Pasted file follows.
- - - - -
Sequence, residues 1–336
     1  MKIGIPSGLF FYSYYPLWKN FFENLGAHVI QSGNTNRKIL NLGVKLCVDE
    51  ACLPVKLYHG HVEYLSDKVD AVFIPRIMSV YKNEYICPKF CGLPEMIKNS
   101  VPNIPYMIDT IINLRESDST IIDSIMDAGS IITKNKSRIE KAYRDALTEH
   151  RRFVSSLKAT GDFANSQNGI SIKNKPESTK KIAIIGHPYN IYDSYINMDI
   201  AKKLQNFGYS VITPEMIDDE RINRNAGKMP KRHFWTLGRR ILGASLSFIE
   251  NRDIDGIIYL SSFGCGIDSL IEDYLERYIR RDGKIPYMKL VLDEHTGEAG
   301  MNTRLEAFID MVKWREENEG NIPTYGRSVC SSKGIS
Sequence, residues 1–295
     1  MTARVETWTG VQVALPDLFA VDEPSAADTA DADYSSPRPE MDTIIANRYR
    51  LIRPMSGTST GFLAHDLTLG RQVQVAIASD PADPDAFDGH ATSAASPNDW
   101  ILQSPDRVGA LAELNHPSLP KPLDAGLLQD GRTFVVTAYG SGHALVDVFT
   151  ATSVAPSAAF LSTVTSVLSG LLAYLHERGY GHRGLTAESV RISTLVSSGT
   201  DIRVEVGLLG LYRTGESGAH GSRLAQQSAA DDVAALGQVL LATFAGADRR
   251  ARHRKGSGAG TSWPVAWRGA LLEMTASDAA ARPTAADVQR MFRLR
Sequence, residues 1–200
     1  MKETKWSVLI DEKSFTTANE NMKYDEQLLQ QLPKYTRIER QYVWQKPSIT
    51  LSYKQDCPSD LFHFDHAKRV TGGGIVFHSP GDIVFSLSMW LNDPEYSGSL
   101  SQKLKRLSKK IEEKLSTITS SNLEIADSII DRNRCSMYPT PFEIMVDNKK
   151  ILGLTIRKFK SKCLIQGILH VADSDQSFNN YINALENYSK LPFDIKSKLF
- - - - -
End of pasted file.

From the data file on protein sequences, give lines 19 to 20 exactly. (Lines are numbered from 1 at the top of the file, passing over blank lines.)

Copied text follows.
   101  SQKLKRLSKK IEEKLSTITS SNLEIADSII DRNRCSMYPT PFEIMVDNKK
   151  ILGLTIRKFK SKCLIQGILH VADSDQSFNN YINALENYSK LPFDIKSKLF